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The effect of RLTS on α-SMA expression was investigated (Figure 3A). As expected, strongly positive cells were observed in model group, and RLTS significantly decreased the positive cells. As shown in Figure 3B, the declined level in RLTS-treated group (210 mg/kg) was reached to 31.42% ± 7.24% (n = 3) compared with model group. As shown in Figure 3C, CCl4 administration significantly increased the concentration of hydroxyproline compared with normal group (p < 0.01). RLTS treatment significantly reduced hydroxyproline level in a dose-dependent manner by 18.85%, 34.75% and 47.91% at the doses of 70, 140, 210 mg/kg compared with model group. The gene or protein expression levels of collagen I, collagen III and fibronectin were increased in model group (Figure 3D–H), which were significantly down-regulated by RLTS (210 mg/kg) to 2.73-, 1.90-, 2.25-, 2.29- and 3.39-fold, respectively, compared with model group.
Figure 3. Effect of Rosa laevigata Michx fruit (RLTS) (210 mg/kg) on the expression of α-SMA based on immunofluorescence assay (magnification, 100×) (A); Statistical analysis of the fluorescence intensity (B); Effect of RLTS on hepatic hydroxyproline content (C); Effect of RLTS on the gene levels of collagen I and collagen III (DE); Effect of RLTS on the protein expressions of collagen I, collagen III and fibronectin (FH). (I) RLTS control; (II) Normal control; (III) model; (IV) RLTS (70 mg/kg) + CCl4; (V) RLTS (140 mg/kg) + CCl4; (VI) RLTS (210 mg/kg) + CCl4; (VII) silymarin (210 mg/kg) + CCl4. Values are expressed as mean ± SD (n = 4). * p < 0.05; ** p < 0.01 vs. model group.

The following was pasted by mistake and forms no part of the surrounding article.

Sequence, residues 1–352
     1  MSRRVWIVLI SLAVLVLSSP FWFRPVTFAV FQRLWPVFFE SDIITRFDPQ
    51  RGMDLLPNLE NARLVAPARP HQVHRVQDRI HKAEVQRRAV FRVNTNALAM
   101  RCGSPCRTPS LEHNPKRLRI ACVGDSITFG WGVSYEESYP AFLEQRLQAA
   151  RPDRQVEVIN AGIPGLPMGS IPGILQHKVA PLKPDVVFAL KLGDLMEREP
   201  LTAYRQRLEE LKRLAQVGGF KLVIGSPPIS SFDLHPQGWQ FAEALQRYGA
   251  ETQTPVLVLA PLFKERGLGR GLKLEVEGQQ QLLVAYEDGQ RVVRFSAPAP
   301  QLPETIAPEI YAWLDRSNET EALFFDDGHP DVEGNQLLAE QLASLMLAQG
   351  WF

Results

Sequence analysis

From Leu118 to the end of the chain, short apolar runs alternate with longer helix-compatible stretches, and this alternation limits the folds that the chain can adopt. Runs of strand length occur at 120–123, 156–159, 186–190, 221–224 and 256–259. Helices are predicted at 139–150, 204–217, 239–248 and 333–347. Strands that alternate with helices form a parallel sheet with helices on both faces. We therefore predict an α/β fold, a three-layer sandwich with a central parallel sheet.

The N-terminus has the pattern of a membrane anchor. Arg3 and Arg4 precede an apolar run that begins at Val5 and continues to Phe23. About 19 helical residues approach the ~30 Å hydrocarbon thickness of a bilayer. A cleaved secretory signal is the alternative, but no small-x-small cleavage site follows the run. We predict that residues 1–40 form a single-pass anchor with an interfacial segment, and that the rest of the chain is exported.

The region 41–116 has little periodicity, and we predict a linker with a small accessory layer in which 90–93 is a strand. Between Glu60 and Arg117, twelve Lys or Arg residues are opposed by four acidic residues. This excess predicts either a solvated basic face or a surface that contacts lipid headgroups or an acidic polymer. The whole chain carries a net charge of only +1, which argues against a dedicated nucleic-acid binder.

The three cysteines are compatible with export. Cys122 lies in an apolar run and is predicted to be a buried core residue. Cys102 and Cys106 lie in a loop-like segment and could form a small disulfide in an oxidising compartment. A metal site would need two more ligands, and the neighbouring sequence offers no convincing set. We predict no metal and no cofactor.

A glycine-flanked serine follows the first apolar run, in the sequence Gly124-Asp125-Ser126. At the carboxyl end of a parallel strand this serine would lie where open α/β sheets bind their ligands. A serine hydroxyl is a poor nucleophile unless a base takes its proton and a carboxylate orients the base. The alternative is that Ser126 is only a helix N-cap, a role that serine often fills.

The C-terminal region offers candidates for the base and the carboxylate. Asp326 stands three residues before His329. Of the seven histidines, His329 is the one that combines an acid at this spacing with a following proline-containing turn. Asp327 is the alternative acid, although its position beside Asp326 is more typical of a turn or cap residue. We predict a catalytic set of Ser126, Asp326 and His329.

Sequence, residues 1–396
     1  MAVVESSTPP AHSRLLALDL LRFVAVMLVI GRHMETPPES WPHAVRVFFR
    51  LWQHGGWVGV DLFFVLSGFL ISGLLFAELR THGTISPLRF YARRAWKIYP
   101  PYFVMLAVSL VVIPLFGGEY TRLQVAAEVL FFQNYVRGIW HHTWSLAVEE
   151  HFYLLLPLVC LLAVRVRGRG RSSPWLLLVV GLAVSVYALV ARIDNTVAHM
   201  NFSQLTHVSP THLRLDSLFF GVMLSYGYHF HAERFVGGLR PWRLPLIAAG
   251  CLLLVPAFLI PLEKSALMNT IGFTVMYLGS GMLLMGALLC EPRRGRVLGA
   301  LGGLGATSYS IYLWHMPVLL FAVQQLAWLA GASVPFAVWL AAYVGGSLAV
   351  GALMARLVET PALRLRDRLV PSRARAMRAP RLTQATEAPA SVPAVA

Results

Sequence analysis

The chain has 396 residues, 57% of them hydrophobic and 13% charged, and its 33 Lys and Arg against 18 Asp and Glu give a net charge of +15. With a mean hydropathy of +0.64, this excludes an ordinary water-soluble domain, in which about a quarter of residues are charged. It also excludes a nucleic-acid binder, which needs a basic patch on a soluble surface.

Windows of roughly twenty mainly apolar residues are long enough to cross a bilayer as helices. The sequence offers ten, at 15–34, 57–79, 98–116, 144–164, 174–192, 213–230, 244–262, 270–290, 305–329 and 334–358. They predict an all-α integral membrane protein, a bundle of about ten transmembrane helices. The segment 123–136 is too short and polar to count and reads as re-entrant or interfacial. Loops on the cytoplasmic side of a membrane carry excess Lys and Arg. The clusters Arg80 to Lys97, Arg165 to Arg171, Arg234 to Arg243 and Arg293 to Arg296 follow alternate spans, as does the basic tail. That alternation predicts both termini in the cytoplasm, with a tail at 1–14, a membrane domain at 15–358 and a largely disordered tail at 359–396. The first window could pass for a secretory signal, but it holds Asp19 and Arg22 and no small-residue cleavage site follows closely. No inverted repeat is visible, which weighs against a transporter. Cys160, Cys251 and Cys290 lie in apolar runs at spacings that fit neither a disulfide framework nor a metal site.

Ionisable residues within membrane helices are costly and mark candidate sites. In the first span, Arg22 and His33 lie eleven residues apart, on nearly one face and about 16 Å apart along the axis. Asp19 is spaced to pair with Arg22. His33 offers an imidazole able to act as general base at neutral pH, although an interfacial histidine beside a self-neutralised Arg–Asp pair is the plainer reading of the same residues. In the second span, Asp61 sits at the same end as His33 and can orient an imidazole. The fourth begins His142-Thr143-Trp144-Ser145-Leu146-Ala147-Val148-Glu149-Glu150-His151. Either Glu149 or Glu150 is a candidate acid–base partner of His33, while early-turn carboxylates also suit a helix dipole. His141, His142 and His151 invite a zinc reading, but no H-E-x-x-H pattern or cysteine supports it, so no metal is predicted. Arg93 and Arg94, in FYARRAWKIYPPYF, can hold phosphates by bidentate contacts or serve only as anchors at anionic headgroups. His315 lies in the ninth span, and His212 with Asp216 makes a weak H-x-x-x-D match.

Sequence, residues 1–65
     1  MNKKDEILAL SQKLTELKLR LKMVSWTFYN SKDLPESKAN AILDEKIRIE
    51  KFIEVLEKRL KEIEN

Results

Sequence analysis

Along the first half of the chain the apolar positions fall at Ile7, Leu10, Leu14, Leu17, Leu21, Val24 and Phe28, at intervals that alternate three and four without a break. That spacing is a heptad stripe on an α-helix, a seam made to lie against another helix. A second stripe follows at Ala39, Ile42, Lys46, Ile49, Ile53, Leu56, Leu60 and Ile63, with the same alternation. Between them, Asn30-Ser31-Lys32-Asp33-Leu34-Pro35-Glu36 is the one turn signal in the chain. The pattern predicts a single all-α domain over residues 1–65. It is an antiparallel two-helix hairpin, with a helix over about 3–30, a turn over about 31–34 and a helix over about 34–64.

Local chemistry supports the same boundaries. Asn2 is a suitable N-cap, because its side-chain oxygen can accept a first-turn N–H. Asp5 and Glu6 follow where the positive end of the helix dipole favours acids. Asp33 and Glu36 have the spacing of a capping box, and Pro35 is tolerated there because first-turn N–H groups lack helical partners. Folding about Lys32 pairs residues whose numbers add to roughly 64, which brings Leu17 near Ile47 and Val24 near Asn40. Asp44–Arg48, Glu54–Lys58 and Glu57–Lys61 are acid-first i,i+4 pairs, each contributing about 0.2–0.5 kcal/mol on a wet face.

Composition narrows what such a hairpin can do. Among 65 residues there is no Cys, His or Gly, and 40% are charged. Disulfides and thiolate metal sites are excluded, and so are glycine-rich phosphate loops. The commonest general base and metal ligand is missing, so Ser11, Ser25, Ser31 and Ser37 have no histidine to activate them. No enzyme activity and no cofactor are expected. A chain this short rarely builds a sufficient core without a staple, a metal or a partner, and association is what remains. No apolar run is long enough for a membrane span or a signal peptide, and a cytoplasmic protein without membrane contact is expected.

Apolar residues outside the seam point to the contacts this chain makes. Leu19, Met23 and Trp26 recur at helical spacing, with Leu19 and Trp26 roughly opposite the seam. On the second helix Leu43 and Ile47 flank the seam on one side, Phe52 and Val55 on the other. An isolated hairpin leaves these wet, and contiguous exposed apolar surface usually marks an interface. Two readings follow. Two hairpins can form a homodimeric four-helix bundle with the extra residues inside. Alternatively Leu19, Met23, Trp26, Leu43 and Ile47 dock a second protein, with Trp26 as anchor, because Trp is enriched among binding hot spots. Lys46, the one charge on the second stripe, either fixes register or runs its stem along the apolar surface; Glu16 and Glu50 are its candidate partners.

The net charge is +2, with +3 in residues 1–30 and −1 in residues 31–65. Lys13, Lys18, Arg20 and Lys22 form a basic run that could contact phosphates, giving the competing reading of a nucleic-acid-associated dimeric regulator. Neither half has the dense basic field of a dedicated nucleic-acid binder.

Figure 3. Effect of Rosa laevigata Michx fruit (RLTS) (210 mg/kg) on the expression of α-SMA based on immunofluorescence assay (magnification, 100×) (A); Statistical analysis of the fluorescence intensity (B); Effect of RLTS on hepatic hydroxyproline content (C); Effect of RLTS on the gene levels of collagen I and collagen III (DE); Effect of RLTS on the protein expressions of collagen I, collagen III and fibronectin (FH). (I) RLTS control; (II) Normal control; (III) model; (IV) RLTS (70 mg/kg) + CCl4; (V) RLTS (140 mg/kg) + CCl4; (VI) RLTS (210 mg/kg) + CCl4; (VII) silymarin (210 mg/kg) + CCl4. Values are expressed as mean ± SD (n = 4). * p < 0.05; ** p < 0.01 vs. model group.
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3.4. RLTS Decreased the Levels of Pro-Fibrotic Factors Related to ECM